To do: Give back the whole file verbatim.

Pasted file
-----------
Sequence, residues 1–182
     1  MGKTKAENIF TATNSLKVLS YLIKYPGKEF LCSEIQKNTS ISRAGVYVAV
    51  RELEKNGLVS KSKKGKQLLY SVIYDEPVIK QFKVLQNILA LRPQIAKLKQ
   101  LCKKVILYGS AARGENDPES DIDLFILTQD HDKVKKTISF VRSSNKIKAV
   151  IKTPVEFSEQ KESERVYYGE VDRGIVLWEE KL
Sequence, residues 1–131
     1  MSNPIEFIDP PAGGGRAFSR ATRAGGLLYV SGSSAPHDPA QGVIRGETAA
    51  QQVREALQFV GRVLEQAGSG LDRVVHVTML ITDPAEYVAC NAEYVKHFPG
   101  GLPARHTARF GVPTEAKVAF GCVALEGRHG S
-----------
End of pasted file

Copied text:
Sequence, residues 1–182
     1  MGKTKAENIF TATNSLKVLS YLIKYPGKEF LCSEIQKNTS ISRAGVYVAV
    51  RELEKNGLVS KSKKGKQLLY SVIYDEPVIK QFKVLQNILA LRPQIAKLKQ
   101  LCKKVILYGS AARGENDPES DIDLFILTQD HDKVKKTISF VRSSNKIKAV
   151  IKTPVEFSEQ KESERVYYGE VDRGIVLWEE KL
Sequence, residues 1–131
     1  MSNPIEFIDP PAGGGRAFSR ATRAGGLLYV SGSSAPHDPA QGVIRGETAA
    51  QQVREALQFV GRVLEQAGSG LDRVVHVTML ITDPAEYVAC NAEYVKHFPG
   101  GLPARHTARF GVPTEAKVAF GCVALEGRHG S